Note: Building site has been shifted west to avoid muck pockets.
  • Trees removed without public notice or involvement.
              Note: There is a moratorium on future tree removal.
  • Consumption of MLK Park acreage now in excess of 15 percent of park space, and
  • Lake Mendsen could be further expanded by taking 1-2 more park acres.
              Note: There is some effort to dial back the size of the project footprint.
  • Lack of Transparency — the last comprehensive public forum on the project was the April 9, 2018 City Commission Meeting approving Schematic Designs.
  • Tourism as priority pitched to Orange County Tourist Development Council (TDC) — our own “I-Drive.”
  • One commissioner was not informed of TDC meeting and the request for $6 million.
  • Fundraising from the community still not accounted for, though the deadline was April 2019.
  • CRA funds will likely be tapped to bail out this project.
  • Martin Luther King, Jr: still has not been honored as the namesake of this park.

What if This Were Your Own Health?

Citizens have not been presented with a satisfactory explanation for this list of discrepancies. This is the chance for the commission to step forward and demonstrate leadership.

If this project were a medical patient, we could say we have seen the X-Rays and indicators of a potential complication are all there.

If we wait seven more months, until January, when construction pricing comes due, we then face a crisis decision of whether to administer chemo or radiation or both. Why not take preventive measures now? Get a second opinion? If your health was at stake, what would you do?

Maybe change medical providers?

Can We Afford This Project?

For many, the fiduciary handwriting is on the wall: we cannot afford this project.

No wonder the citizenry is concerned.

Cost estimates and overruns will not diminish. Instead, they will likely increase. Change orders will become a major concern. Our Central Florida construction market is robust but stressed, increasing pressure on construction costs. That context has already been established with the I-4 Ultimate, Orlando Airport’s New South Terminal and the building boom.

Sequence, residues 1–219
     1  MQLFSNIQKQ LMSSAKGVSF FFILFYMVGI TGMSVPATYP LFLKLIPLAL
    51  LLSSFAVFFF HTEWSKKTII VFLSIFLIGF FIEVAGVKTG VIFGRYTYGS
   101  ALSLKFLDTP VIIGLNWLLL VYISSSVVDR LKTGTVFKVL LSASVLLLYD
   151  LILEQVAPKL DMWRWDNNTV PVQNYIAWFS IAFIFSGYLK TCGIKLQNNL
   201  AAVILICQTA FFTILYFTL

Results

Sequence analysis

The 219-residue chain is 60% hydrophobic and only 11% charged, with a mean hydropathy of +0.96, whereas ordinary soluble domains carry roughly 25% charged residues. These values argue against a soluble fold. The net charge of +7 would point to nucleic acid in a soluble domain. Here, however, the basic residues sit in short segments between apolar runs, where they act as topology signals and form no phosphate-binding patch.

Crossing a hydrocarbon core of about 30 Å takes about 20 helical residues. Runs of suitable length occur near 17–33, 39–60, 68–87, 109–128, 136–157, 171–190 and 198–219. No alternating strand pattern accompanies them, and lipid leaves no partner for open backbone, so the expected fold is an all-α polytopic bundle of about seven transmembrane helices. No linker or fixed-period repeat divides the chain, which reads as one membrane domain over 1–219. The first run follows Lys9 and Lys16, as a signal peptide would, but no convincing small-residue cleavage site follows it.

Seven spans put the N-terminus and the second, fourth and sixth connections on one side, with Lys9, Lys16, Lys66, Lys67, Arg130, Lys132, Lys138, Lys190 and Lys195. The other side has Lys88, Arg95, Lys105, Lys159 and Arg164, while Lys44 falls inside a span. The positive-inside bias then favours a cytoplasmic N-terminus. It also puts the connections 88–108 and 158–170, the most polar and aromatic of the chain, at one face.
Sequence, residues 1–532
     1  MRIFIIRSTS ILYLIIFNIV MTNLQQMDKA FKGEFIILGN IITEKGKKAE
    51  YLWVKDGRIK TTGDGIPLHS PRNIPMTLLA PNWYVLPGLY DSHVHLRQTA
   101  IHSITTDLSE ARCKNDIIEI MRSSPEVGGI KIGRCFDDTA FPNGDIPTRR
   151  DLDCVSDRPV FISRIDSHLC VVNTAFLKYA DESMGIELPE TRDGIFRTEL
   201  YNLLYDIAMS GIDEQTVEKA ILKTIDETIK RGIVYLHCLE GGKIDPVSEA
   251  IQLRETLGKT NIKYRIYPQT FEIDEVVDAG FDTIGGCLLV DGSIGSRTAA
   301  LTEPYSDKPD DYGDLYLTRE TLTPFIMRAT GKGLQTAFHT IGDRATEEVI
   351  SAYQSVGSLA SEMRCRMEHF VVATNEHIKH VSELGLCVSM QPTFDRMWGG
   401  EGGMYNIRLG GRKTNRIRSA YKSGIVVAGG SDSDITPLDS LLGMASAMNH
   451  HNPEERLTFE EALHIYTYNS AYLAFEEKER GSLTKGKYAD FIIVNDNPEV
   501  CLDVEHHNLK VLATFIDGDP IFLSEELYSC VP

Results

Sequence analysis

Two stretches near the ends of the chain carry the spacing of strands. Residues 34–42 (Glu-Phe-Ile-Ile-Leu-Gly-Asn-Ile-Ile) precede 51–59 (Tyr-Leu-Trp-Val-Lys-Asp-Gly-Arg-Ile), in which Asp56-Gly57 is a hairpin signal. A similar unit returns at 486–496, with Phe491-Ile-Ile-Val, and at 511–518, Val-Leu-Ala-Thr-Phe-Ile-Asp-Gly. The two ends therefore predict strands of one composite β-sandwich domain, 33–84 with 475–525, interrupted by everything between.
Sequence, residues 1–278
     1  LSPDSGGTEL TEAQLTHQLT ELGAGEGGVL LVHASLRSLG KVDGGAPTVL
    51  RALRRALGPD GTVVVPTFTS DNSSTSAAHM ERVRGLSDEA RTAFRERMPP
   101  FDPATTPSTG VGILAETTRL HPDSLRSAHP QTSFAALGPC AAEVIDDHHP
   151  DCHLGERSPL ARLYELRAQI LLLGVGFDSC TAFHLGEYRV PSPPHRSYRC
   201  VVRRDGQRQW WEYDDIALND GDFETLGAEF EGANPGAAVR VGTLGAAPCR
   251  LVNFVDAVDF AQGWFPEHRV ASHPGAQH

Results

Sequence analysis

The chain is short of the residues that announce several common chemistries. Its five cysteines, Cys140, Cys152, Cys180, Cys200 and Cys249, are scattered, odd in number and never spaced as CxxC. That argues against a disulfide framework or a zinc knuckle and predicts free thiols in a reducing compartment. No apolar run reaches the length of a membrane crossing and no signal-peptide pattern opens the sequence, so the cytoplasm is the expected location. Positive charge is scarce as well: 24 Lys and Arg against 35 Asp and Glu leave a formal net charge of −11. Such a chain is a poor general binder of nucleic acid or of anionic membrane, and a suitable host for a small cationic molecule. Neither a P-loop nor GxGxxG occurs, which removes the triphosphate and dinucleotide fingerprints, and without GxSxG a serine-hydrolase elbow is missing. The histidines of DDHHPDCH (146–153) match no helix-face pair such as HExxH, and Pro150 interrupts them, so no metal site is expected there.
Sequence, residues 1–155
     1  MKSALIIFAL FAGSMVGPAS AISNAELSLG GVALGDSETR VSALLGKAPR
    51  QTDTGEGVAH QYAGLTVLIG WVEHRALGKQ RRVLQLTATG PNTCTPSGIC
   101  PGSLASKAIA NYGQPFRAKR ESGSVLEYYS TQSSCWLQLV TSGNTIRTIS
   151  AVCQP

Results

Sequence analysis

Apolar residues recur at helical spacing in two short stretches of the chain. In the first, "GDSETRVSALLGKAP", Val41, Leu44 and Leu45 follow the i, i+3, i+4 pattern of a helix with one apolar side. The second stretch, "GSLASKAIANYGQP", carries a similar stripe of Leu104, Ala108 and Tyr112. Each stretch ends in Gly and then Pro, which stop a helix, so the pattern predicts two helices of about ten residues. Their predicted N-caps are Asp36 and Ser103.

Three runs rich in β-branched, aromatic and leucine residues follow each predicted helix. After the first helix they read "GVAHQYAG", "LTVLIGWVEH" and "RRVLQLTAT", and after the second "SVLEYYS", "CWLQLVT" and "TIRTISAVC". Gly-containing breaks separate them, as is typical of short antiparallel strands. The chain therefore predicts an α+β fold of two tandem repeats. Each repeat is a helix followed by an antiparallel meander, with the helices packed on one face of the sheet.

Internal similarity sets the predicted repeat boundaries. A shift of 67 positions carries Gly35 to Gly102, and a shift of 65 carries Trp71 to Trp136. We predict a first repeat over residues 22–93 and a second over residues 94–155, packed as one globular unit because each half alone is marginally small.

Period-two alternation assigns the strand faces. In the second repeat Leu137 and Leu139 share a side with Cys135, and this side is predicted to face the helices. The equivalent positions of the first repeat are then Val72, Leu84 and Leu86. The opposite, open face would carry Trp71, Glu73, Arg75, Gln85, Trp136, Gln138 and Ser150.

Commissioners Need the Chance to Talk to One Another

At the June 10 Commission meeting, Commissioner Carolyn Cooper requested a workshop so the Commission as a whole could discuss various budget issues, including the Canopy and the CRA, without having to go through the City Manager. She was dismissed by Mayor Steve Leary, but her suggestion deserves reconsideration.

Recommendation: Give Us the Benefit of Your Shared Vision

Hold a Workshop.

Put the questions on the table and explore some answers together.

Educate a very concerned public.

How Much Can the Camel Carry?

In the case of the Canopy, it is reasonable to say that a $1,000 per square foot public works project is unacceptable. So, what is acceptable? $700 per square foot? $500 per square foot? $350 per square foot? That guide star needs to be established — or at least discussed – and the public needs to hear the discussion.

If we cannot attain that acceptable price per square foot, alternative scenarios need to be explored. When a project moves beyond 60 percent design, the time and money already invested make it increasingly difficult to say “no” or even to change tack.

Think Big: Where is Plan B?

The goal is to maximize all our assets to make this project the best it can be. For this reason, the process deserves heightened public involvement, heightened communication and heightened stewardship by our elected leaders.

Are our taxpayer dollars being wisely spent? If so, show us how.

That’s how public trust can be restored.

Orange Ave. Steering Committee Formed

As Part of Planning Process for Orange Avenue Overlay

Orange Ave. Steering Committee Formed

What do we do with 54 and one-half acres of valuable, under-developed business/commercial parcels — land along the segment of Orange Avenue that runs from 17-92 up to Fairbanks? The area contains 103 parcels, more than 90 percent of which are less than an acre. The largest is around 6 acres.

What’s an Overlay?

One thing we can do is a Zoning Overlay. An overlay is basically new zoning district that sits atop the existing zoning map, one that adds special restrictions and incentives to make a discrete, identifiable district, a district that can create cultural consistency and equilibrium and avoid piecemeal development.

According to the Center for Land Use Education (CLUE), “. . . regulations or incentives are attached to the overlay district to protect a specific resource or guide to development within a specific area. . . .Potential uses might include: Create a walkable community, connect pathways; Preserve and enhance a special district; Encourage economic development; Protect the quality of surface and groundwater and manage storm water. . . .” www.uwsp.edu/cnr/landcenter/

‘Blight’ on Orange Ave?

According to Planning and Community Development Director Bronce Stephenson, the Orange Avenue corridor has been economically stagnant for a number of years. Those of us who make the daily drive up and down Orange Avenue have become accustomed to the vitality of disconnected stretches of it, like Designers’ Row and the area around Foxtail’s and the Brewstillery. Interspersed among these hubs of activity, however, are parcels that have produced little more than weeds and first responder training facilities since the 2008 recession.

Big Three Stakeholders